Thursday, May 10, 2018

Cleaning Up Your Mailing List: The Why and the How

By Marcy Kennedy, @MarcyKennedy

Part of the Indie Author Series

A key tool that we have as indie authors for keeping in touch with our readers is our newsletter or mailing list. Building and maintaining a mailing list is considered foundational to a strong author business for good reason.

Unlike social media sites—or even our website—email is a direct means of communication. We’re not hoping they come to our site or hoping that our status update shows up in their social media feed. We’re also in control of our list so that, if a particular social media sites dies a dramatic death, our list doesn’t go with it.

But mailing lists still require maintenance. Over the past couple of weeks, I’ve been doing my regular “clean up” on my mailing list, which made me think this might be a good time to write about it as well.

Why Regularly Cleaning Our Mailing List Is a Good Idea

If you’re new to writing or haven’t had a mailing list long, you might not know what I mean by “cleaning up” my mailing list. Basically, I remove people from my list who’ve never opened an email from me after they’ve received at least five emails.

(Five is my own arbitrary number. You could make your threshold more or less, but I’d suggest not going lower than three sent emails. Life happens after all.)

Newsletter services charge based on how many subscribers we have. To keep costs down, we only want people on our list who are actually reading our newsletters and want to keep receiving them.

How to Clean Up Our Mailing List

We want to remove people who don’t read our emails, but we also don’t want to accidentally remove someone who wants to stay. For whatever reason, there’s a small margin of error where someone might be opening our emails and yet our newsletter service says they aren’t.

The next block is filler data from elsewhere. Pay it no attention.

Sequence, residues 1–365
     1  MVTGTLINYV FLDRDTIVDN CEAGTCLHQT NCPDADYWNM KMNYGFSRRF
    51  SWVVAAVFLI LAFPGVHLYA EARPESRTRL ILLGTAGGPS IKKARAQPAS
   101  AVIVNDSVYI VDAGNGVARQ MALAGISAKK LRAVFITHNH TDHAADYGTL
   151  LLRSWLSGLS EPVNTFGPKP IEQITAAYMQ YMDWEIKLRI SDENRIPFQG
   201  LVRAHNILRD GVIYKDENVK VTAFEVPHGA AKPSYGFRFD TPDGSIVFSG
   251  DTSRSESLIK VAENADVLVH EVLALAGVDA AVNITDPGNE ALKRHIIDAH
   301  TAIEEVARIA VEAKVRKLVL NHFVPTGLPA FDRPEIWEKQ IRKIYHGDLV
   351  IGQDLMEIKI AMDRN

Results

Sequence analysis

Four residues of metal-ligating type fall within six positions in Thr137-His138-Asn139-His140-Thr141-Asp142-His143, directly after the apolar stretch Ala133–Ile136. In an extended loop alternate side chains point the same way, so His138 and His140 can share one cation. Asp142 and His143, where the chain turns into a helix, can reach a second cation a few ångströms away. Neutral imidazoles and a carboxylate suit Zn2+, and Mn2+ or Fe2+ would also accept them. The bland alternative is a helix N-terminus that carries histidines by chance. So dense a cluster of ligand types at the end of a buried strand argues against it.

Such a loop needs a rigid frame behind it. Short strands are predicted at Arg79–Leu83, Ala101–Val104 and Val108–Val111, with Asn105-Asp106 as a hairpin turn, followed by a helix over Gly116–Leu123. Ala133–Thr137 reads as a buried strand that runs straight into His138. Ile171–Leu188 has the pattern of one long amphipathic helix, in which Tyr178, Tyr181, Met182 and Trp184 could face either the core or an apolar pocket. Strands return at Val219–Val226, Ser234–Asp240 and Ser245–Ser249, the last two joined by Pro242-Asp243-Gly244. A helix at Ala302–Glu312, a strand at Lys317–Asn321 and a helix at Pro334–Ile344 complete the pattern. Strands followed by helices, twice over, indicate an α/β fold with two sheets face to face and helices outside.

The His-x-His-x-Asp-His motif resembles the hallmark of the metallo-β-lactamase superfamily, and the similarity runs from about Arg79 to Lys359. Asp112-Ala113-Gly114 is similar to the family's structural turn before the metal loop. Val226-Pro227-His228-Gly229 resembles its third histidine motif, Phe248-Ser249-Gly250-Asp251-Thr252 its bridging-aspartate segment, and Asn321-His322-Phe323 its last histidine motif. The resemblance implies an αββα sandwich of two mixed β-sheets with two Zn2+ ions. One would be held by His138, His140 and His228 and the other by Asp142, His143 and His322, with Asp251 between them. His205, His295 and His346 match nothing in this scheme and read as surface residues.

Because of this, we don’t want to simply delete the people our newsletter service marks as having never opened an email.

I like to send out one final email first. Programs like MailChimp or MailerLite make it easy to see which subscribers haven’t opened an email and send a message exclusively to those people.

Here are the steps I take for that final email:

Write a subject line that makes it clear that this email is different. I like to use Do You Still Want to Receive Emails from Me? That makes it clear what the email is about and that some action will probably be necessary.

Provide an easy way for them to let you know if they want to stay. In the email I send, I ask them to simply hit reply if they want to stay on my list. They don’t even have to write anything in their response if they don’t want to. I go with that for two reasons. The first is that it’s really easy for them. Some people still do write me a long response, but most send a blank response. The second is that, by replying, they bypass whatever glitch causes newsletter systems to think they weren’t opening the emails if they were. What this means (in MailerLite anyway) is that everyone who replies is removed from the “never opened” segment. I don’t have to manually protect them when I go to delete the real non-openers. It saves me a lot of time.

Give a deadline and tell them what to do if they’re reading it after that deadline has passed. I like to give people a week in which to respond before I remove them from the list. The average person checks their email at least once a week, so that’s a safe timeframe. However, I also tell people what to do if they’ve missed the deadline and wanted to stay.

The last time I did this, I had around 6 percent of people respond that they wanted to stay, and I cleaned out a few hundred inactive subscribers.

Do you regularly clean up your mailing list? Any tips you’d like to add?

Marcy Kennedy is a mystery and speculative fiction writer who believes fantasy is more real than you think. Alongside her own writing, Marcy works as a freelance fiction editor and teaches classes on craft and social media. She’s also the author of the Busy Writer’s Guides series of books. You can find her blogging about writing and about the place where real life meets science fiction, fantasy, and myth at

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Description in fiction shouldn’t be boring for the reader or for the writer.

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  1. Hi Marcy! My email program doesn't open images, I click a button that lets me show images when I want to see them. However this messes with newsletters, as most use an invisible pixel to see if someone has opened their email or not. I've had several newsletters such as yours email me and ask if I wanted to stay with them, even though I open and read them regularly, it doesn't show I am because I didn't open the images.
    Just another reason why sometimes it looks like people aren't opening your newsletter!


    1. Wow! I didn't realize this sort of thing was happening. Thanks for the wakeup Carrie.